Of Monsters and Madness by Jessica Verday

of monsters and madness by jessica verday Of Monsters and Madness by Jessica VerdayBuy Of Monsters And Madness
Special price $14.29 Regular price: $17.99
Publisher: Egmont USA
Format: Hardcover
Reviewer: Melissa on April 7, 2015
Rating: 4 out of 5 stars

Summoned to her father’s home in 1820s Philadelphia from her home in Siam (known in the readers’ time as Thailand), Annabel Lee – one of Edgar Allan Poe’s characters – finds herself in the midst of a rash of gruesome murders. As the bodies begin piling up, Annabel comes upon information that suggests her father is implicated in the violence. Torn romantically between her father’s assistants – one named Allan Poe, who is kind and proper, and the other, his cousin Edgar Poe, who is mysterious and brooding – who share a dark secret that may show they have more to do with the violent events than they’re telling Annabel. In Jessica Verday’s Of Monsters and Madness, readers are in for a romantic, historical re-imagining of classic, American Gothic horror.

When I first heard that Of Monsters and Madness, a story featuring Edgar Allan Poe and his character Annabel Lee was being published, I knew that I had to read it. I’m a consummate fan of classic Gothic literature, and as a teen, I ate up Edgar Allan Poe’s writing, especially his poetry. When I heard Verday added in a murder mystery, I was completely sold on reading it and the rest of the series. While the recent news that Egmont USA is folding up means that I’m not sure whether the rest of the books in this series will ever see the light of day and puts a slight damper on things, I do recommend this novel to anyone, like me, who is interested in dark stories filled with mad scientists, murders, manners of the 1800s, strong female characters, and descriptions of exotic food.

In the past, I’ve read some books with character meant to be from historical times, who fail to pass the test of believability, including a ghost who spoke in a contemporary way and not using the language of her time period. While Of Monsters and Madness is Verday’s first foray into a historical setting, but not her first retelling of American Gothic literature, I wasn’t sure whether to expect something that passes a general understanding of the language and customs of the period in which she set the story. If you’re worried about this possibility, too, then don’t be. While Verday does take some liberties in terms of when Edgar Allan Poe may have written some of his most famous poems and short stories since they were published about 20 years after the novel’s setting, nothing else seemed amiss to me. She details realistic conflicts that young women like Annabel Lee might’ve faced as she learns the American customs of propriety for the first time and that her dream of becoming a surgeon is nothing short of “unseemly” to her father and his contemporaries. Whereas in Siam she may have continued her education in the healing arts, she quickly learns that the only things in which she’ll be tutored in America is how to stand, walk, and that she must protect her reputation at all costs. Whether readers are well versed in literature from the 1800s or are new to this historical period and the limitations that young women would’ve faced, you can trust that Of Monsters and Madness will make you feel like you lived in this time period.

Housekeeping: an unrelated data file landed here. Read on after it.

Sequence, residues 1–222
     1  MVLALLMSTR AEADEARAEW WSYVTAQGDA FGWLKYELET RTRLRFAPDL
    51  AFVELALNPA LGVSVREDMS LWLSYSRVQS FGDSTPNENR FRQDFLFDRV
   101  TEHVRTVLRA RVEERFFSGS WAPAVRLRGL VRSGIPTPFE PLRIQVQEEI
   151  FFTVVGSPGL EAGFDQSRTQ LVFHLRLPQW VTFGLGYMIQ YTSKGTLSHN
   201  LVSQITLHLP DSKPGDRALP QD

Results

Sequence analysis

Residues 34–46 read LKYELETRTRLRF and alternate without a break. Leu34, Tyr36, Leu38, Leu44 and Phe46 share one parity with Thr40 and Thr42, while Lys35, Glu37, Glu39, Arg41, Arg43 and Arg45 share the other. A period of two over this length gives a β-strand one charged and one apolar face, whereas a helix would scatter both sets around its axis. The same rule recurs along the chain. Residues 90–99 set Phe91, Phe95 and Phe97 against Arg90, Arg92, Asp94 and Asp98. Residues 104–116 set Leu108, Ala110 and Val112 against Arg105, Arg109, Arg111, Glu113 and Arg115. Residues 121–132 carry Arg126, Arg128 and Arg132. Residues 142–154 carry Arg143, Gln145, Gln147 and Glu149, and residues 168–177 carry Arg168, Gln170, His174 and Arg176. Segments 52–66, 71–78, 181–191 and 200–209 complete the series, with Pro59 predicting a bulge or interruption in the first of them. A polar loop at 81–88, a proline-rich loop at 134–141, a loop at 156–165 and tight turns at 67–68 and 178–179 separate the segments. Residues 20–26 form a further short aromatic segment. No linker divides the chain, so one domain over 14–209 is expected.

As with most classic Gothic literature, Verday doesn’t set out to scare her readers. Even though the prologue presents a scene that is rather alarming and soaked in blood, you don’t need to worry about reading this book after lights out if you aren’t a fan of scary stories. Instead, it will make you ask questions about the nature of science and experimentation, especially when those experiments take on a dark life of their own. Moreover, in keeping with the Gothic vibe, there are several allusions to the writing of Washington Irving and Robert Louis Stevenson in addition to those of Edgar Allan Poe.

I really enjoyed this book, the way the characters develop, and how Verday imagines how Poe developed his poetry and short stories, so if I were you, I’d read it. That said, if I have to give any criticism, it would be that if you’re familiar at all with the writings Verday alludes to you’ll be able to predict how some major “secrets” will turn out once you get to a certain point in the novel. If that doesn’t bother you or you are new to the Gothic, please pick up Of Monsters and Madness.

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